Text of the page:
The orange inside the orange is gold:
in this juice the wealth of labor,
its sunshine the ring-decked gleam of the ladies
whose skin is tough and bronzed like the orange,
whose soft thoughts are hidden from their men.
The palm inside the palm burns like a cigarette,
the addict’s love that cannot breathe.
The ladies wave their resilient hands
with their burning wands, and along Cocoanut Row
the palms thrash in the hurricane.
The ocean inside the ocean is a spaniel
endlessly racing, drooling foam for joy.
Again, again, the senile sea
claps at each baby-blue crash.
The ladies own the view behind glass,
shutter the sun in pastel rooms
where the piano and the wheelchair sleep.
The album inside the album has no name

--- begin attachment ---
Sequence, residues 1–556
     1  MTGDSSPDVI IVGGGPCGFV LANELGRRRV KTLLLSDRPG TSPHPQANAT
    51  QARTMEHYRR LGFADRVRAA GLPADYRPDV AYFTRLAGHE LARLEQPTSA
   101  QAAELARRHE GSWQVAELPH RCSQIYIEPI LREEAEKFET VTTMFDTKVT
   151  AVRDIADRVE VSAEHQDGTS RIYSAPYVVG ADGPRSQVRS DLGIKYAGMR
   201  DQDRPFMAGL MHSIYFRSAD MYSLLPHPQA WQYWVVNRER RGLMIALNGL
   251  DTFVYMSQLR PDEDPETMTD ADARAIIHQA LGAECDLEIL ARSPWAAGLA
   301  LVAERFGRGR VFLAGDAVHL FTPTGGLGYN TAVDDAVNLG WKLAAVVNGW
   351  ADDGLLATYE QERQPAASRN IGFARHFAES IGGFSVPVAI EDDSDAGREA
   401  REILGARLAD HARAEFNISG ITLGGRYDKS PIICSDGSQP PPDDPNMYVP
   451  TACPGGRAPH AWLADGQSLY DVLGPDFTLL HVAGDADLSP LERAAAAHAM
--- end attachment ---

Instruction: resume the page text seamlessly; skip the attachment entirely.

or too many. All the smiles and their objectives blurred
like a glitter of stars without constellation lines.
Look, these were your friends. Look, trophies,
grandchildren, the news. Whose is the charity
for this season?
The woman inside the woman lifts a match to her lips
that hold no cigarette. The burning stick
one more thing not to see, the flame familiar
as her late husband’s golden apologies.
Down her breast, a dribble of flame like fresh juice.
And still she stares at the expensive sea,
matches it breath for amnesiac breath.
This poem won a third prize in the 2008 Dancing Poetry Contest, and is included in my chapbook Hound of Heaven, forthcoming this fall from Southern Hum Press. (Their website is down again…arrgh.) “Nature morte” is the wonderfully evocative French name for a “still life”.